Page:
Monday, January 28, 2008

The Bucket List

Humph. Evidently its quite posh to have a life list these days, thanks to that crappy movie that just came out:

If you're the kind of person who would list among his or her paramount life goals, "Read a story about one's important life goals," congratulations. You're doing it now.

But maybe you're got other things on your mind. You want to play the guitar, or dream of throwing out the first pitch. You yearn to shake the damn truth out of Tom Cruise.

These are life's ultimate to-do lists, lists that transcend the clutter on your office desk and give meaning to your existence. One popular Web site,, lets users post their own lists, with items both frank and fanciful, such as: Donate blood. Kiss in the rain. Go to Italy.

Continuing with the recently opened film, "The Bucket List," in which two terminally ill old-timers (played by Jack Nicholson and Morgan Freeman) set out to achieve their own, such lists have taken on added urgency, one that's all the rage.

Witness the Travel Channel's new show "1,000 Places" (based on the best-seller "1,000 Places to See Before You Die: A Traveler's Life List") and a recent cover story in Smithsonian magazine, "28 Places To Visit Before You Die." (Ominous-sounding, yet fun!)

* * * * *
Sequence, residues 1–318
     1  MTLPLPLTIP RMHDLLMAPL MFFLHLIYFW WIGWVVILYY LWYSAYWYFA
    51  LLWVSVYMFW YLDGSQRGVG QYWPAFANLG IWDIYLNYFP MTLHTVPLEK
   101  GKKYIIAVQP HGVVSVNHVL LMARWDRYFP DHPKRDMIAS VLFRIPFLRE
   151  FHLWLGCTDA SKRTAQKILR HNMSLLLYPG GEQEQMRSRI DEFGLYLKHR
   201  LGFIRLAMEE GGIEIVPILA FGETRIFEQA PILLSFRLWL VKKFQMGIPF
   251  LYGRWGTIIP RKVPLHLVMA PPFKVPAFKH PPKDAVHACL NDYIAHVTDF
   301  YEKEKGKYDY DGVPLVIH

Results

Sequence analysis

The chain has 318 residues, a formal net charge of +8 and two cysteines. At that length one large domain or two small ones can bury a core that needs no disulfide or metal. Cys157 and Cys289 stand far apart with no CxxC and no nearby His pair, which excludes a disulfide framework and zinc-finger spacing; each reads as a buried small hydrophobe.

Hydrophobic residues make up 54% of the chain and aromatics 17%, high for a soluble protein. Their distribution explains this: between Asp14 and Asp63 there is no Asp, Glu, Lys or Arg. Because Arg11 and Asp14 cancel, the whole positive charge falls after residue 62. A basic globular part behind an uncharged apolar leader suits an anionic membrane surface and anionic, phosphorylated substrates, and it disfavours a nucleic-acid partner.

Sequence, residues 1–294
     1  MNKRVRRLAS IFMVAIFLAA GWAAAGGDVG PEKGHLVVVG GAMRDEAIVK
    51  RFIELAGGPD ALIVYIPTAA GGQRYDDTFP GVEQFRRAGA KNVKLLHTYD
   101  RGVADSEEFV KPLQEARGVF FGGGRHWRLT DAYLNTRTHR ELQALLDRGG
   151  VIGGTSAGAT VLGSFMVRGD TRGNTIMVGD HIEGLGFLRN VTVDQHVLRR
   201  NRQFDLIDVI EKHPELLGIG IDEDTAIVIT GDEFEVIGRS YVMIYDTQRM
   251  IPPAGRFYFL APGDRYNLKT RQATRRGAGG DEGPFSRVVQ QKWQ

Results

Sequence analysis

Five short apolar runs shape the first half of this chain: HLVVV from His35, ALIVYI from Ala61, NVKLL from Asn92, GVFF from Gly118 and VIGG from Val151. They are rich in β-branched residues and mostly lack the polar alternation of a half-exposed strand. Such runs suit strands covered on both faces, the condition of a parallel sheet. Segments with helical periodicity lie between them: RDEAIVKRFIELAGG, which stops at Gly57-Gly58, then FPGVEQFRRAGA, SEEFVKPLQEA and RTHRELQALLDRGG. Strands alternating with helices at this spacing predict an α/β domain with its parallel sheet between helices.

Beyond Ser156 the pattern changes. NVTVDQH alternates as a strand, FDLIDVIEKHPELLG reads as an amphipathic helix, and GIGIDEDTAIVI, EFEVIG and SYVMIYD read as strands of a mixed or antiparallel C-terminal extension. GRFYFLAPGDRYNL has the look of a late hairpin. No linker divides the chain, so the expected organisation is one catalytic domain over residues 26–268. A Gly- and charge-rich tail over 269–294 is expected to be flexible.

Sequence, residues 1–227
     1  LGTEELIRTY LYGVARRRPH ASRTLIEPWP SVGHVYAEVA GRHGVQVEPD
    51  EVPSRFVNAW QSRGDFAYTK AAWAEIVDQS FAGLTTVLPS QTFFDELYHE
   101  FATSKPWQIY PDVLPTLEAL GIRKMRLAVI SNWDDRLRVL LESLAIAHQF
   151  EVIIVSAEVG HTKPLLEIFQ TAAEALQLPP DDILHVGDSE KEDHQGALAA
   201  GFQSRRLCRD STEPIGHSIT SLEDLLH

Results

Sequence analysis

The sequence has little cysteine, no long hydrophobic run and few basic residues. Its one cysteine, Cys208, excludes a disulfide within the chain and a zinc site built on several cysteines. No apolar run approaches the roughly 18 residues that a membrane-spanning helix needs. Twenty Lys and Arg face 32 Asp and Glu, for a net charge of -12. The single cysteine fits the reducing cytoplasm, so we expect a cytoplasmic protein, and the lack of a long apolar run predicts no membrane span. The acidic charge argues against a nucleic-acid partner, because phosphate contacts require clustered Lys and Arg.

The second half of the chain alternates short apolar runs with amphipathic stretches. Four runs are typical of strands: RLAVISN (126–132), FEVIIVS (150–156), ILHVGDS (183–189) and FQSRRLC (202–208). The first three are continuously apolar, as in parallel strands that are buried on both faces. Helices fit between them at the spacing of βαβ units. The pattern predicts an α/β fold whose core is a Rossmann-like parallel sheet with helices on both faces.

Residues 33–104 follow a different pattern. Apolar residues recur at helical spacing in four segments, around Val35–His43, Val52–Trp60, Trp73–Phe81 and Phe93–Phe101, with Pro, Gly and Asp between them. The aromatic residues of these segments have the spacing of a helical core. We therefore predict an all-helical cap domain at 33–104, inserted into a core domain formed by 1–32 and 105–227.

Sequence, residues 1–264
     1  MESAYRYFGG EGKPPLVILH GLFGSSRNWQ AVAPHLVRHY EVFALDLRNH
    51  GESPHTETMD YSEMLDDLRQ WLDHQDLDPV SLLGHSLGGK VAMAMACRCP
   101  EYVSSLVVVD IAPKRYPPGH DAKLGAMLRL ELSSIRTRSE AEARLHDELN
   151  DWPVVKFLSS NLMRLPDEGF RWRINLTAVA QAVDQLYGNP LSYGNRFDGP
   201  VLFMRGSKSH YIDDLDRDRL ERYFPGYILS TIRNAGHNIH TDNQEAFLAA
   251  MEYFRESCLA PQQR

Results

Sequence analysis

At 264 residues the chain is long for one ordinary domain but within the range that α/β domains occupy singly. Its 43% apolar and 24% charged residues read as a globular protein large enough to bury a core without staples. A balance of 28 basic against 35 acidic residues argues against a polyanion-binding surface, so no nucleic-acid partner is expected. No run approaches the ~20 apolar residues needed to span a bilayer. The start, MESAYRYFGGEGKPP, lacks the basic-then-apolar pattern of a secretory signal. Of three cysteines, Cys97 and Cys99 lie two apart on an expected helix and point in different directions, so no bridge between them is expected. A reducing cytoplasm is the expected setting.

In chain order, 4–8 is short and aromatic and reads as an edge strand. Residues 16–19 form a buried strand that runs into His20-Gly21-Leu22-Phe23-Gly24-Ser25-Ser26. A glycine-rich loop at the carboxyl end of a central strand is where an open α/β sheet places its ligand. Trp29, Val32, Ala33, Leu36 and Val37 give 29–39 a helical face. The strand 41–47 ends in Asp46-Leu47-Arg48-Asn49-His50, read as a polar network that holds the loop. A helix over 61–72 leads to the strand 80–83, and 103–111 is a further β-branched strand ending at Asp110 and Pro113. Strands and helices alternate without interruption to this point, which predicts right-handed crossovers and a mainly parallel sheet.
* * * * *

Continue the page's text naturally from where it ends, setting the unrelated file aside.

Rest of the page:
"I think everyone has a list like that," says Seattle real-estate lawyer Greg Lawless, via e-mail. "We just keep amending it as time goes on. For example, take my lifelong struggle with golf. In your teens you set as your goal playing in the PGA and perhaps winning a major championship. Over time that gets reduced to maybe someday you will shoot even par. Then that gets compromised to maybe someday you will hit the ball straight, until finally you define an attainable goal, that maybe someday your golf tees will match your bag."

Has he managed to reach any of these goals? "I will say I have successfully matched the color of my golf tees to the color of my bag," he says. "I'm not one of those people who says, 'I will be in the Olympics' or anything."

"I think most people haven't been asked what they want to do with their life since third grade," says Josh Petersen, co-founder and CEO of 43Things. "People are just on their paths, and they don't really think, is it really what they want to do?"